First: Turn Lazy Loading on.

Second: If you want to filter down what you retrieve and return, then do a custom return object or something.

from u in db.Users
join r in db.Roles
  on u.RoleID equals r.RoleID
select new { u.UserID, u.Title, u.Email, r.RoleName }

Or something like that. You will have a minimal return object and your object graph will be tiny.

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with lazy loading on you will get back navigation properties because they are touched by the serializer. –  user1843640 Jan 24 '13 at 18:20

You can select only what you need by using Select().

var users = _db.Users.Select(x => new
{
    UserID = x.UserID,
    Title = x.Title,
    Email = x.Email,
    RoleID = x.RoleID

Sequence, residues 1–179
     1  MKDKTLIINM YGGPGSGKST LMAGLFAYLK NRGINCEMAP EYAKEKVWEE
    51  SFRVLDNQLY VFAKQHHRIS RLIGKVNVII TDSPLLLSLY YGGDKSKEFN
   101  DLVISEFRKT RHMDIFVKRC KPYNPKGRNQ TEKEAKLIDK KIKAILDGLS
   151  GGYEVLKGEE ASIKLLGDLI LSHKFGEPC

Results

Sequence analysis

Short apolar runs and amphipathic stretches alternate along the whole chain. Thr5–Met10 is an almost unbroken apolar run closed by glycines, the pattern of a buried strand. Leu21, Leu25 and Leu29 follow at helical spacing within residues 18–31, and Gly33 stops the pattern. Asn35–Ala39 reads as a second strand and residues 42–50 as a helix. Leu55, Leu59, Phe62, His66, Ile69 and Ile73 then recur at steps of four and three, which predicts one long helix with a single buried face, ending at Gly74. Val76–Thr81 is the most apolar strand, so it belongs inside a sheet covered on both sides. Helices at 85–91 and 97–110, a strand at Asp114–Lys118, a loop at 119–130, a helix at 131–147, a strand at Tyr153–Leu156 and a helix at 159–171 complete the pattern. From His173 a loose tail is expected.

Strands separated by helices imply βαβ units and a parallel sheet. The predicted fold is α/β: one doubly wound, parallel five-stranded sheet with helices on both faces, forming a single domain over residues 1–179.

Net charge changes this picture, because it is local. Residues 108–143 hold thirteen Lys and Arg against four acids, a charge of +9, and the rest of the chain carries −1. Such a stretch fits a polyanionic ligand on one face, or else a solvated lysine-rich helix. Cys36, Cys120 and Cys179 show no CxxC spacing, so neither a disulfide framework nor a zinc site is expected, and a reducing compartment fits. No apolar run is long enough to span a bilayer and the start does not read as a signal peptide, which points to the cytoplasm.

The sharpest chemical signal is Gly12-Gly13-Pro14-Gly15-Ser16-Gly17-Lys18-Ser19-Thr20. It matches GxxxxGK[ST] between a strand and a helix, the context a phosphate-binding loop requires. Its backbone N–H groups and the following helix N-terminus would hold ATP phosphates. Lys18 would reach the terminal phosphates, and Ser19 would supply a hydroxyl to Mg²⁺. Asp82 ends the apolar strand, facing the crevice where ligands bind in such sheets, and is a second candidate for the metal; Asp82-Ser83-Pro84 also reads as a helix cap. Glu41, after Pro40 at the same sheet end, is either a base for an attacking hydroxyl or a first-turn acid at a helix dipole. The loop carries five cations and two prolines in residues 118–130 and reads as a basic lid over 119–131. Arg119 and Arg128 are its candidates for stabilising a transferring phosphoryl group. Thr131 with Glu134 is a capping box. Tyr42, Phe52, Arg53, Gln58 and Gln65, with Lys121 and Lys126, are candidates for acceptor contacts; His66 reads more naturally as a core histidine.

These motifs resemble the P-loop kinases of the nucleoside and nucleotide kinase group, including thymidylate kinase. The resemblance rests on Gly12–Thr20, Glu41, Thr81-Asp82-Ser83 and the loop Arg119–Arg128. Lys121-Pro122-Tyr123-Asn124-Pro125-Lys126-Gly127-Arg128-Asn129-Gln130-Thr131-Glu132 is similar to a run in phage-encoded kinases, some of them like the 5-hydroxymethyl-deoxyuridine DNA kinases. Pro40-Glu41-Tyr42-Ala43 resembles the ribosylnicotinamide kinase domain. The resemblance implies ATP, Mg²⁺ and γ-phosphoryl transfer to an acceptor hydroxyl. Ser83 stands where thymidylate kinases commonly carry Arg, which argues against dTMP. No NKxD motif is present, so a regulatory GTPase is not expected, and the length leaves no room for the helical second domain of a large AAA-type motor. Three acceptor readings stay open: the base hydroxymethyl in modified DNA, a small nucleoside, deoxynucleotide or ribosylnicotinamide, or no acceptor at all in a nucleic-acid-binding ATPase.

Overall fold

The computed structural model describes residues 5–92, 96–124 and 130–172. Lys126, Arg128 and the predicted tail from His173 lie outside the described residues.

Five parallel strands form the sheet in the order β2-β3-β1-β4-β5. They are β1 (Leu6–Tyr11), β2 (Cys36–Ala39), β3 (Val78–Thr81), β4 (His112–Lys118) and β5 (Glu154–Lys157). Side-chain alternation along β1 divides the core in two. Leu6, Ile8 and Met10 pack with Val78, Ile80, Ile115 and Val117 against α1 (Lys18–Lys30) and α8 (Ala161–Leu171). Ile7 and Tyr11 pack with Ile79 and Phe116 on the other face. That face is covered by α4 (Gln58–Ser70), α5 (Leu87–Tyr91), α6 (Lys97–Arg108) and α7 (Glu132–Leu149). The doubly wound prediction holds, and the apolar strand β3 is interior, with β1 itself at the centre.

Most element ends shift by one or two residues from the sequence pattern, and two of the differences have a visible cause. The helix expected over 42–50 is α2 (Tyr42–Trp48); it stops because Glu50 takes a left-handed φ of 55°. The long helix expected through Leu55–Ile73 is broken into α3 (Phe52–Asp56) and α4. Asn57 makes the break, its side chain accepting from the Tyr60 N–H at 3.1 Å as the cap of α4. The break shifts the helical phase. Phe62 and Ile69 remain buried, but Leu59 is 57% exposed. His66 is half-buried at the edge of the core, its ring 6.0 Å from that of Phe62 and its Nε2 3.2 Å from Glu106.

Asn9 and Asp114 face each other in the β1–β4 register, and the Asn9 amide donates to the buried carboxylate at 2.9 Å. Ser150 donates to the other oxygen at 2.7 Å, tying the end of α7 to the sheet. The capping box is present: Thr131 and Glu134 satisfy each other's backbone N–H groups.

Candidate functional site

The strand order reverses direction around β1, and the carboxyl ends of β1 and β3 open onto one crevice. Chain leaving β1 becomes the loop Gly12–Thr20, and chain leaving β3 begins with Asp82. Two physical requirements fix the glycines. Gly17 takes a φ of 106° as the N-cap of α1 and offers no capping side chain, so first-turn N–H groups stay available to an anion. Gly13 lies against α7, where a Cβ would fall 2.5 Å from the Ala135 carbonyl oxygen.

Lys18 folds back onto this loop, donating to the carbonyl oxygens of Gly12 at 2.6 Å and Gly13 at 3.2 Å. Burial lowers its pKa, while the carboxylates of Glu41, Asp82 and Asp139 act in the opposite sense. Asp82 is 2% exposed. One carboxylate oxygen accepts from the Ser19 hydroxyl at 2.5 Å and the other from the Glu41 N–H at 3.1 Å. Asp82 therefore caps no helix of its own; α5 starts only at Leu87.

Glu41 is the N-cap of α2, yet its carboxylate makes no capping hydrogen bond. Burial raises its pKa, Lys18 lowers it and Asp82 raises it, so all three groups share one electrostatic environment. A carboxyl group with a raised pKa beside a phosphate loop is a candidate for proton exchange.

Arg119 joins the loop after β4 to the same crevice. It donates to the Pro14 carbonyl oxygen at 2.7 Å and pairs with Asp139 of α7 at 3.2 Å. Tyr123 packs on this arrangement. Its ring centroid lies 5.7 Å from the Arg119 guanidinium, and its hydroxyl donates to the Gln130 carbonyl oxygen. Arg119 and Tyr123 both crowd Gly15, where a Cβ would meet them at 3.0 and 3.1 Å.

}).AsEnumerable();
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You are right that with lazy loading on, you will get back navigation properties because they are "touched" by the serializer which causes them to be loaded. Lazy loading should be off if you want the properties to come back as null. That said, it "seems" that once entities are loaded into the context (through other queries, for example), they will be processed by the serializer. So the answer is to tell the serializer not to return the navigation properties. The best way I've been able to find to do this is to use DTOs (Data Transfer Objects). This allows you to return exactly the data you want rather than your actual entities.

Your DTO might look something like this:

public partial class UserDto
{
    public UserDto(user User)
    {
        UserID = user.UserID;
        Title = user.Title;
        //... and so on
    }
    public int UserID { get; set; }
    public string Title { get; set; }
    public string Email { get; set; }
    public int RoleID { get; set; }

    //exclude the Role navigation property from your DTO
}

...and then you could do something like this:

return db.Users.Include(u => u.Role).Select(user => new UserDto(user));